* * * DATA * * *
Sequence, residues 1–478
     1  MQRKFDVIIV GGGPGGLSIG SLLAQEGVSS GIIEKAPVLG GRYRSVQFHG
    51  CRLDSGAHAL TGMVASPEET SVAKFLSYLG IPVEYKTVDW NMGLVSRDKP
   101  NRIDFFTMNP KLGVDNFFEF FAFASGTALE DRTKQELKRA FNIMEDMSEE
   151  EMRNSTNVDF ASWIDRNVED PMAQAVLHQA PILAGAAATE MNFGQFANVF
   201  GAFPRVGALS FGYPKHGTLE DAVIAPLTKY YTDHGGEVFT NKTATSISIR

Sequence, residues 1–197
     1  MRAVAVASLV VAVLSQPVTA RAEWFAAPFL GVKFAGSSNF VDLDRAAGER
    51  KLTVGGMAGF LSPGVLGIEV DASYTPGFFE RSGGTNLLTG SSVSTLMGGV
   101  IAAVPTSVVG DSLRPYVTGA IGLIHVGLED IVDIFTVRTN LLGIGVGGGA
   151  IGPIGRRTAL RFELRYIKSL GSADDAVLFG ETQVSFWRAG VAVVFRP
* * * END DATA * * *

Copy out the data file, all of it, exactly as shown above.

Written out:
Sequence, residues 1–478
     1  MQRKFDVIIV GGGPGGLSIG SLLAQEGVSS GIIEKAPVLG GRYRSVQFHG
    51  CRLDSGAHAL TGMVASPEET SVAKFLSYLG IPVEYKTVDW NMGLVSRDKP
   101  NRIDFFTMNP KLGVDNFFEF FAFASGTALE DRTKQELKRA FNIMEDMSEE
   151  EMRNSTNVDF ASWIDRNVED PMAQAVLHQA PILAGAAATE MNFGQFANVF
   201  GAFPRVGALS FGYPKHGTLE DAVIAPLTKY YTDHGGEVFT NKTATSISIR

Sequence, residues 1–197
     1  MRAVAVASLV VAVLSQPVTA RAEWFAAPFL GVKFAGSSNF VDLDRAAGER
    51  KLTVGGMAGF LSPGVLGIEV DASYTPGFFE RSGGTNLLTG SSVSTLMGGV
   101  IAAVPTSVVG DSLRPYVTGA IGLIHVGLED IVDIFTVRTN LLGIGVGGGA
   151  IGPIGRRTAL RFELRYIKSL GSADDAVLFG ETQVSFWRAG VAVVFRP